One of my favourite non-Holmes short stories by Sir Arthur Conan Doyle is his 1913 ‘The Horror of the Heights’, which features jellyfish-like creatures living in the upper atmosphere.  It is easy to think that the sky comprises a habitat with its own ecology, and Neil Arnold shows that it indeed forms a separate continent; one that, on the evidence he presents, is largely terra incognita.  The Big Sky, as Kate Bush put it.

Arnold seems to have been impressed by Conan Doyle’s story too, as he mentions it in connection with actual flying ‘jellyfish’ that have really been reported from time to time.  These are merely one kind of the more outré inhabitants of a realm that is chock-full of Fortean weirdness.  Naturally UFOs, whatever they may be, loom large, with Arnold’s first British example dating from 1783, but in addition he provides a good sampling of high strangeness in our skies.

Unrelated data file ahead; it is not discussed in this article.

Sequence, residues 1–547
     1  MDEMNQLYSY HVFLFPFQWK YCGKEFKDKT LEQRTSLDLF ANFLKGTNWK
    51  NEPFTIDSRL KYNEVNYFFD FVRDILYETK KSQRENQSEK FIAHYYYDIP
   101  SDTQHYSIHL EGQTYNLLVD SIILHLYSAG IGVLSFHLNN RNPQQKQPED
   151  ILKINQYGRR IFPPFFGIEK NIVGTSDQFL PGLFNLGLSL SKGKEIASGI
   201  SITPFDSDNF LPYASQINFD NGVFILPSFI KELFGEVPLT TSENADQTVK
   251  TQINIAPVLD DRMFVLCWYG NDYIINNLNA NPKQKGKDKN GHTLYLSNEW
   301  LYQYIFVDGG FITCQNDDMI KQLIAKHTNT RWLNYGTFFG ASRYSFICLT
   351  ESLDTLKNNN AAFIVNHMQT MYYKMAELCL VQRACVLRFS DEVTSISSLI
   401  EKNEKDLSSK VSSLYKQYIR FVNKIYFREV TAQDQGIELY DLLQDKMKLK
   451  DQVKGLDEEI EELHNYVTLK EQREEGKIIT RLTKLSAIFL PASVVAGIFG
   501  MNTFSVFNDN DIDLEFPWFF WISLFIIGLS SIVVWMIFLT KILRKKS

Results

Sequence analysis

There is much on phantom airships, of which many were reported in British skies prior to the First World War.  Phenomena such as ball lightning, lights in the sky and mystery hums, vie with falls of frogs, fish, and all sorts of odd stuff (including – yuk – faeces) dropping on bemused witnesses.  There are naturally phantom aircraft and airmen, though despite the book’s title you only need an association with the sky to be included, you don’t have to be airborne at the time of the sighting, as witness the famous stories of a deceased Freddy Jackson turning up in a group photograph at RAF Cranwell, and David McConnell appearing to his roommate at Scampton after he had fatally crashed in fog.  There are aerial armies and battles, and sundry mothmen, owlmen, bat-winged monkey-birds, winged snakes, horses (!), and beasts for which no name has been coined.